2. Next prepare the batter for the pikelets. Sift the dry ingredients into a bowl and make a well in the centre. Mix the egg and the milk and pour into the centre of the well. Stir to combine and form a smooth batter beating out any lumps with a whisk or wooden spoon.

3. Heat a frying pan over medium heat until a drop of water sizzles in the pan. Add enough butter to just coat the bottom of the pan. Pour in enough batter to create a pancake around 10cm in diameter. Cook for 2-3 minutes until the pikelets are golden brown on the underside and you start to see bubbles appearing on the top surface of the pikelet. Turn the pikelet over and cook on the other side until brown. Remove the pikelet and depending on the size of your pan, repeat so that you have 4 cooked pikelets. Reserve the pikelets in a folded tea towel to keep warm.

4. Wilt the spinach. Place a knob of butter in a large saucepan on a medium heat. When the butter has melted, put all the spinach in the pan and place a lid on it. After 30 seconds, turn the spinach over with a wooden spoon so that the spinach wilts evenly. After 2 minutes when the spinach has wilted, take the pan off the heat, remove any excess liquid, season well and reserve in a warm oven.

5. While the spinach is wilting sprinkle the fig halves with icing sugar and place under the grill to caramelise for 1 minute.

6. Place a large knob of butter in a frying pan with a little oil over a medium heat. When the butter has melted and is starting to foam, add the ginger and Ras-el-hanout and cook for 30 seconds. Add the chicken livers and stir to coat with the ginger and spice mixture. Cook for 1 minute so they are lightly brown but still pink in the middle. Remove from the pan. Add half the tomatoes and return the livers to the pan and cook for a further 1 minute until the livers are firm but not hard to the touch. Take the pan off the heat, add the remaining tomatoes and the chopped coriander. Season with salt and pepper and leave in the pan while you assemble the dish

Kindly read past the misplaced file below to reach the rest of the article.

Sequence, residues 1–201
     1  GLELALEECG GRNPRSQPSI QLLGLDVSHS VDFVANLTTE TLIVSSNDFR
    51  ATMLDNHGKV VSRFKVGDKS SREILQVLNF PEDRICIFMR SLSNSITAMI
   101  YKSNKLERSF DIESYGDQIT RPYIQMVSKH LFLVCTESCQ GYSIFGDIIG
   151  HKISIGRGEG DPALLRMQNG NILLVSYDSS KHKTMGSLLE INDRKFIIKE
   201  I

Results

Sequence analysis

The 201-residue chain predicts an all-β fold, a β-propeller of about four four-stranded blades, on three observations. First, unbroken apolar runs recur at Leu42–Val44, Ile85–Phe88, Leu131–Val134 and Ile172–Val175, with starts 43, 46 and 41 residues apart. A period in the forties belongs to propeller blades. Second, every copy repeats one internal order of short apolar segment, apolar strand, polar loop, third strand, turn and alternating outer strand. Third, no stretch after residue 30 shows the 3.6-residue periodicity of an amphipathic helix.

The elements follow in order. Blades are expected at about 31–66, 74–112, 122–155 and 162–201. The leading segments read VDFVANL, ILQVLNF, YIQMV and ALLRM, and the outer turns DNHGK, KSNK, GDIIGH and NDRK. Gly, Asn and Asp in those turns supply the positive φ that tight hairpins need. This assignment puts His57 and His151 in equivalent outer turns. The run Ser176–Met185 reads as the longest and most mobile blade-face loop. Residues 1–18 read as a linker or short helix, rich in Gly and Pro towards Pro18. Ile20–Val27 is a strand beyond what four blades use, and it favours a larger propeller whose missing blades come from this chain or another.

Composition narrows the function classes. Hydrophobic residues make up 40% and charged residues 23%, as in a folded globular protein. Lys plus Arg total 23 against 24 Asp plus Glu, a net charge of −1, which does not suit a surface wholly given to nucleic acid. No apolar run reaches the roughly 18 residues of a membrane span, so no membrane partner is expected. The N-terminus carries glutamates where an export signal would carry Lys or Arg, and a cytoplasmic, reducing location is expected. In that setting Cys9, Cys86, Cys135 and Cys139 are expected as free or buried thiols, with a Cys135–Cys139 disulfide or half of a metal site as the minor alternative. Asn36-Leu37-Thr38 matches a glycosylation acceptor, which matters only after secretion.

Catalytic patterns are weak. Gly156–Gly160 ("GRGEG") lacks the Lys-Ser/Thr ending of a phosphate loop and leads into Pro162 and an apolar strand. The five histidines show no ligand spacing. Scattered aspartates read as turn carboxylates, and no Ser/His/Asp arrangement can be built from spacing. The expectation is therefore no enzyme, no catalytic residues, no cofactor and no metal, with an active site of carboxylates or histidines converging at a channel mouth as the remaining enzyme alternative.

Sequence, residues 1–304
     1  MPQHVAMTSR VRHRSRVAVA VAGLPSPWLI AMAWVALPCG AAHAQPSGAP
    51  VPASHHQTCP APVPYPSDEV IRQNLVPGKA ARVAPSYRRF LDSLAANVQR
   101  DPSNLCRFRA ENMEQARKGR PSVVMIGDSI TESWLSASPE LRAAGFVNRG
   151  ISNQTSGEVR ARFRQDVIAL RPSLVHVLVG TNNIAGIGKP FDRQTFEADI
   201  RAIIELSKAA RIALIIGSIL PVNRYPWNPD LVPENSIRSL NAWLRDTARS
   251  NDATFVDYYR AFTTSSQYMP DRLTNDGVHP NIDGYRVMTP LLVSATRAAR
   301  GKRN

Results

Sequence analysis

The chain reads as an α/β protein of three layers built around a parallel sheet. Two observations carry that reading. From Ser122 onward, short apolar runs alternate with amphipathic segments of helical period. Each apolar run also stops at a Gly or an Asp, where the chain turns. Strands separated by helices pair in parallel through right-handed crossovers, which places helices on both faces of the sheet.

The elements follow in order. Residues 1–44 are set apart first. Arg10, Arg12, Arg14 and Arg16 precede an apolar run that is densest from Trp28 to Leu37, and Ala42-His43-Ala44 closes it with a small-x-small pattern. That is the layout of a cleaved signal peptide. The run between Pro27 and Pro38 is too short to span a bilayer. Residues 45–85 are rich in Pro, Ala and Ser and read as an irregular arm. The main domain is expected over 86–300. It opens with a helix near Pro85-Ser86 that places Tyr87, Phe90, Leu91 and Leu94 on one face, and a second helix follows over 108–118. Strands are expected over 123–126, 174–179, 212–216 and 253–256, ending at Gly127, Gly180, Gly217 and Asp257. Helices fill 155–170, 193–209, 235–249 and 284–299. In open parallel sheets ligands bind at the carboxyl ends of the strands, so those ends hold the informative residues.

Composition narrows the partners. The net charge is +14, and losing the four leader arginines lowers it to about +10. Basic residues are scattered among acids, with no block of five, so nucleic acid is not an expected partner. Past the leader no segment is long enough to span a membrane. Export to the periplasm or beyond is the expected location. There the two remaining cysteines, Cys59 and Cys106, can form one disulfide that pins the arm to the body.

7. To assemble the dish, place a pikelet in the middle of each plate. Place a bed of spinach on the pikelet leaving a large well in the centre. Place the livers onto the pikelet in the centre of the well. Garnish with a few small coriander leaves, 3 pieces of citrus popcorn, and half a caramelised fig.


Hunter Angler Gardener Cook said...

Fascinating. A lot of people are doing chicken livers, but this is definitely one of the most interesting dishes I've received! Well done.

Lizzie said...

Wow - This looks incredible. How long did it take to make? I've never had chicken livers other than in pate but the ras-el-hanout spicing sounds right up my street.

Pete said...

It's a pretty simple dish to make. The prep time is about 30 minutes and it takes about 10 minutes to cook and put it all together. You can leave out the popcorn if you like and just add a tiny bit more orange zest to the livers. I really recommend adding some spice to chicken livers and if you don't have any ras-el-hanout to hand then try cumin, coriander and a little cinnamon as an alternative.

aforkfulofspaghetti said...

Great dish - I like the combo of flavours here. And the use of liver - so underused, and so underrated.